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The Lepcha language has gotten the nod from the Unicode Consortium to be added to edition 5.1 of Unicode, which is due to be released in March or April. As obscure as it may seem, the recognition of being included in Unicode is an important step in preserving the language and culture of the Lepchas.

Adding the written Lepcha language to the international standard for encoding characters on electronic media will allow it to be displayed on computers, interchanged electronically with other world languages, and included with word processing programs worldwide.

Dr. Helen Plaisier, who is at the Leiden University in the Netherlands, has evidently been spearheading the initiative to include the language. Last week she told a news service, “the acceptance of the Lepcha script in the Unicode standard is of great importance for everyone who wishes to use the Lepcha script on a computer.”

The researcher, who recently completed a database of 300 Lepcha bird names, has been joined by other scholars in all parts of the world in urging the Unicode Consortium to accept Lepcha in its database of languages. The names used by the Lepchas for their birds, insects, plants, and other wildlife are keys to understanding their knowledge of their natural environment. That natural environment is threatened by massive hydropower developments in the Dzongu region, the section of Sikkim sacred to the Lepchas next to Mt. Kanchenjunga.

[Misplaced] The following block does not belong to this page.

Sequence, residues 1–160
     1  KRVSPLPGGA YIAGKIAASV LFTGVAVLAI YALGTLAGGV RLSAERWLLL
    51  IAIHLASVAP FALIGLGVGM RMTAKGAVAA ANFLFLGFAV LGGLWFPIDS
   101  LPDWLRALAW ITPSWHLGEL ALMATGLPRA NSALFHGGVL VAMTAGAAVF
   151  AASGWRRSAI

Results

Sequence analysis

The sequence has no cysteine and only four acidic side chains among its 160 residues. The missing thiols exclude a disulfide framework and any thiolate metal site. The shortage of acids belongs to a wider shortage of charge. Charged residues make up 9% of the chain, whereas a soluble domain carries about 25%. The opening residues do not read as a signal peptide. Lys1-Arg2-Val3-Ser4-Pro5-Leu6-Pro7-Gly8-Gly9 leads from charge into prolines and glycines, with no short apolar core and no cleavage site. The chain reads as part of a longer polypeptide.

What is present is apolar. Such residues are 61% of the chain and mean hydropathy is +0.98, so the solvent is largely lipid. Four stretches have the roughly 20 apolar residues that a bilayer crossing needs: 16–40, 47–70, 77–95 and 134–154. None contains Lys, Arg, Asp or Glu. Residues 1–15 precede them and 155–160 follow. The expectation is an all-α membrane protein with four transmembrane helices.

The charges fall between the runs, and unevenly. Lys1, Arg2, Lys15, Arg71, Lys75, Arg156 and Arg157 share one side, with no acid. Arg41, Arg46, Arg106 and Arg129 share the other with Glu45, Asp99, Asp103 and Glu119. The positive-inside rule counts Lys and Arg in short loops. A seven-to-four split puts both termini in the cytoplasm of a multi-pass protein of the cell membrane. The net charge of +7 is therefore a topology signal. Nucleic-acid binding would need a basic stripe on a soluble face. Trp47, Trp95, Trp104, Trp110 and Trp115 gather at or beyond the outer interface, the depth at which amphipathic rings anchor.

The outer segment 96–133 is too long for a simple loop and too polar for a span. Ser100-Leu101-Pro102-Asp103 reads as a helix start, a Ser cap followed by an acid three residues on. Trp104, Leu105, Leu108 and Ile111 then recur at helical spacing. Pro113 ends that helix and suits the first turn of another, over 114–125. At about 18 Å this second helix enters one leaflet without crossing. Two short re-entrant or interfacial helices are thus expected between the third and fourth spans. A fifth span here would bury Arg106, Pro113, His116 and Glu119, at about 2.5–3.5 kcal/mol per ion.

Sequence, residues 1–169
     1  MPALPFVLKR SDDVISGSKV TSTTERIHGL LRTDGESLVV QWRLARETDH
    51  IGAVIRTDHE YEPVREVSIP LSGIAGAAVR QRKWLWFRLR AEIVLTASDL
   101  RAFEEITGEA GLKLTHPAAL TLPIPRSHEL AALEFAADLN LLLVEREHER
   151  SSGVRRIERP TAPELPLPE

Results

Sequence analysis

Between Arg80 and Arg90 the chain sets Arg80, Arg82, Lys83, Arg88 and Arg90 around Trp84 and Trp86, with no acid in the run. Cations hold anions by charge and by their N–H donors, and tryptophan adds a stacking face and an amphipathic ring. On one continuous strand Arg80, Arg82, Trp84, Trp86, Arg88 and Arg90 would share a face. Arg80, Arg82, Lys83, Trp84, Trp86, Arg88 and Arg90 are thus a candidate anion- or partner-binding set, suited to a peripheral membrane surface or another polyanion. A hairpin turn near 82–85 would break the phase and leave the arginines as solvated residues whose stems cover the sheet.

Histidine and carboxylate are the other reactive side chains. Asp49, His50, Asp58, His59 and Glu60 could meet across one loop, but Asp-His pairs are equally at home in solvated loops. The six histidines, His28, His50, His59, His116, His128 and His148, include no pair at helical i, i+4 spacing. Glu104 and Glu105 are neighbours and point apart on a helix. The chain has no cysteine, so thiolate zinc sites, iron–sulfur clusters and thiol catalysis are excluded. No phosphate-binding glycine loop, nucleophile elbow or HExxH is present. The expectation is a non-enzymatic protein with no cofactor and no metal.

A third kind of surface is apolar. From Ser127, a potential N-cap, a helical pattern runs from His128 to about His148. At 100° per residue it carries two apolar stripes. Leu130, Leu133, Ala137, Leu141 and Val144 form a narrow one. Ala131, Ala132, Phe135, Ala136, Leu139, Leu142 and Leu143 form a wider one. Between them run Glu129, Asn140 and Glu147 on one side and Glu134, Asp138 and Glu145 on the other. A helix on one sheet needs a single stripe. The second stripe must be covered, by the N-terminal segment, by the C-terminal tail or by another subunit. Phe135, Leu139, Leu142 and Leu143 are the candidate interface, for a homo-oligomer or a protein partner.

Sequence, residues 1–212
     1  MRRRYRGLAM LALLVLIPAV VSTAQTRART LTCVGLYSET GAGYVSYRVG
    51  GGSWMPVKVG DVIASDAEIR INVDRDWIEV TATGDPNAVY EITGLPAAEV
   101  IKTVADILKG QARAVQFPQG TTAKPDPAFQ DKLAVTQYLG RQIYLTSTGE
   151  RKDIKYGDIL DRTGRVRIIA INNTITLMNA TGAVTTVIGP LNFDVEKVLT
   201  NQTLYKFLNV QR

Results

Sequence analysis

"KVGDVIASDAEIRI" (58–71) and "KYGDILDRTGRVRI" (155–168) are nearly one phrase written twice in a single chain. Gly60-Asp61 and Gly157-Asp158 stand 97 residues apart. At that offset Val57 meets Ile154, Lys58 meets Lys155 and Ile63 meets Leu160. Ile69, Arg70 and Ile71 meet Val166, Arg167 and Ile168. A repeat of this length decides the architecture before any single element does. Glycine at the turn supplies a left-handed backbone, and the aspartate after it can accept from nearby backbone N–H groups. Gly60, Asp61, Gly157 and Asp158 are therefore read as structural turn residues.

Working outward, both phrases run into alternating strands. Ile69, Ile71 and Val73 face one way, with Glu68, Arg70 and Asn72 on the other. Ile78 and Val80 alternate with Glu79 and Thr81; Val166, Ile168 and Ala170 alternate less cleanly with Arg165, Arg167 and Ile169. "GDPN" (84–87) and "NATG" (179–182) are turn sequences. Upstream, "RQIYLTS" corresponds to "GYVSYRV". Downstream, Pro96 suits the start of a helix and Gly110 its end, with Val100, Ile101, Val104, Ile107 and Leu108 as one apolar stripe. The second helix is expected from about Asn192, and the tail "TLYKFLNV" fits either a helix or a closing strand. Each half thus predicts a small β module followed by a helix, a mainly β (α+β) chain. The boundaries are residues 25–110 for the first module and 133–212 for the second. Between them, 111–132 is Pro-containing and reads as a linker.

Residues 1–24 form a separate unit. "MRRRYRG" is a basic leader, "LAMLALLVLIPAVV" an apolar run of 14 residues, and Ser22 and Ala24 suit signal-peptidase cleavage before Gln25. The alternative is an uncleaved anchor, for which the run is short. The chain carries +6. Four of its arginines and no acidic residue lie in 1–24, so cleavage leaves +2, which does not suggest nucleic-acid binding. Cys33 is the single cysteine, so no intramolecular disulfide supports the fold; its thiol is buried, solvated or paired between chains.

The Unicode Consortium, a non-profit organization based in California, seeks to coordinate and develop standards so that all written human languages can ultimately be represented and manipulated in a consistent fashion on computers. The goal is to make the transliteration schemes compatible in a multilingual environment. Many older character encoding schemes are incompatible with one another, a failing that the Unicode initiative will correct as languages are added to it. The unified character sets have been widely implemented in internationally-used computer software programs.

While numerous major languages have been accepted into the Unicode standards, many of the world’s lesser-known scripts have still not been encoded, for various technical and scholarly reasons. Scholarly communities need to agree on the details of representing the characters of a language before it can be added. Furthermore, artificial scripts, such as Klingon, used in the Star Trek film series, and the Middle-Earth languages invented by J.R.R. Tolkien, have not yet been accepted by the Unicode Consortium. The Consortium rejected the proposal of the Star Trek supporters as “inappropriate for encoding.” Evidently, Lepcha is appropriate.